By Praba Moonsamy, Managing Director at Ikhaya Automation Systems
As countries across Africa roll out vaccines to combat the ongoing COVID-19 pandemic, it is becoming increasingly evident that the continent is in desperate need of ICT systems and healthcare solutions that can support mass vaccination programmes.
Unfortunately, African countries are often seen by First World countries as dumping grounds for outdated or substandard technology, with equipment that is prohibited in Europe, due to regulatory issues, being resold on the continent.
Aside from being outdated or substandard, imported medical technology seldom meets the requirements of African countries and their populations. In most instances, imported medical technology must be customised and adapted. Furthermore, the adoption of such technology creates an undesirable dependence on outside skills and resources, which often becomes too expensive to sustain in the long term.
Hence, there is a growing demand and hunger in Africa to build homegrown skills and resources, which in turn highlights the need for intra-continental trading and partnerships that will enable the sharing of ICT technologies to help the continent manage the COVID-19 pandemic.
However, intra-continental trading in Africa is still relatively new as the continent was historically divided up into trade blocs. Countries within these blocs have a lot of administrative regulations and financial barriers that need to be overcome in order to facilitate effective intra-continental trade.
While African governments are looking at ways to remove these barriers, it is taking a long time. In the meantime, these government have been too focused on sourcing specialised goods and services from Europe, Asia and the USA, often not realising that these can be easily sourced from nearer destinations.
This is particularly significant as Africa’s public healthcare systems are beleaguered by a shortage of resources, including infrastructure, facilities, skills and staff, at a time when numerous countries are planning to roll out mass vaccination programmes.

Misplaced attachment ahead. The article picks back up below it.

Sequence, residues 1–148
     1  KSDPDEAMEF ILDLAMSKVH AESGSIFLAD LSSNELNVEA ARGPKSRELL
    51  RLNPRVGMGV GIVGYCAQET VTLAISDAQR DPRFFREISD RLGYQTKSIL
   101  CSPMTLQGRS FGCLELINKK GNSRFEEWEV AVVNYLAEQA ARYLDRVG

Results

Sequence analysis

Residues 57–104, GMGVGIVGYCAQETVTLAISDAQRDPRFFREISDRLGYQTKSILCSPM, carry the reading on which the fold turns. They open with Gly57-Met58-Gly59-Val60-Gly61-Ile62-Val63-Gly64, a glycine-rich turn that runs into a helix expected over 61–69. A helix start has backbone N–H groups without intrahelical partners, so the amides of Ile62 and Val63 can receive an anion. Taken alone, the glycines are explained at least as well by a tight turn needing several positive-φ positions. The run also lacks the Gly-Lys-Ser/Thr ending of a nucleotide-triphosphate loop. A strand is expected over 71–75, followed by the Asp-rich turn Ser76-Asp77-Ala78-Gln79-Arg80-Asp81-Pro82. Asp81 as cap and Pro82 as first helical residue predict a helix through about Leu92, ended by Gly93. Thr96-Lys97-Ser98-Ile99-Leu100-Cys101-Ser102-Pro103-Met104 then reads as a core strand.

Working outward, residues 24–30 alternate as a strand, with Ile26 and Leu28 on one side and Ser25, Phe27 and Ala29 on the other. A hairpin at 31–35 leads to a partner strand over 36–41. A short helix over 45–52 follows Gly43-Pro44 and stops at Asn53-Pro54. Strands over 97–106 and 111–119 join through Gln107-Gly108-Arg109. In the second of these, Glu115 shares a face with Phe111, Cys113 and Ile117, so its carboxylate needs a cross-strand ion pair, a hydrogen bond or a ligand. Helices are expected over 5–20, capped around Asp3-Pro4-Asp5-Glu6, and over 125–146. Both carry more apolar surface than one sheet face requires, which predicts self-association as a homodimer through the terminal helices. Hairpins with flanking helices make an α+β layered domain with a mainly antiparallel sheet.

Therefore, it is key for these healthcare systems to prioritise their technology investments, or risk being left behind. The right technology can significantly improve healthcare efficiency, while also addressing the topographical and geographical challenges of remote clinics and healthcare facilities.
Additionally, the evolutionary nature of ICT means that modern medical technology can overcome many of the challenges encountered in parts of the continent, such as a lack of power infrastructure, stable electricity supply and well-developed ICT and telecommunication networks.
For example, modern technology allows companies to supply solar-powered fridges to underdeveloped areas, enabling medical facilities to store medicines until they need to be distributed, without having to rely on electricity infrastructure and supply. This is especially crucial for the storage, monitoring and distribution of COVID-19 vaccines.
Temperature is key
Temperature is a key process variable for storing COVID-19 vaccines, as this medication has to be kept at the right temperature, or it will lose its efficacy and become useless. There are companies on the continent that specialise in the remote temperature monitoring of healthcare and pharmaceutical products, as well as cold storage. These solutions are readily available to healthcare systems across Africa.
Modern temperature monitoring systems no longer consist of placing a thermometer in a box of vaccines and relying on someone to take temperature readings a few times a day. Modern systems are proactive and rely on sensors to automatically take temperature readings every few minutes, ensuring that if a potential breach of pre-programmed parameters is about to happen an alert is sent via email or SMS so that corrective action can be taken.
Whether a small single-sensor application or a larger and more complex installation, modern temperature monitoring systems rely on Wi-Fi sensors to automatically communicate information to a cloud-based platform where this data is stored and analysed. Temperature monitoring data is needed for regular reporting and audit purposes, enabling facilities to prove that they complied with prescribed standards.
The biggest impact of this technology is minimising wastage, especially that there is a shortage of vaccines across the globe. A breach of temperature conditions means that vaccines can’t be used and have to be disposed of, which is probably the worst thing that can happen.
African governments must realise that there is excellent technology development taking place on the continent, eliminating the need to look to overseas markets. Local medical technology solutions are flexible and adaptable to local conditions and can go a long way to enabling effective vaccination programmes.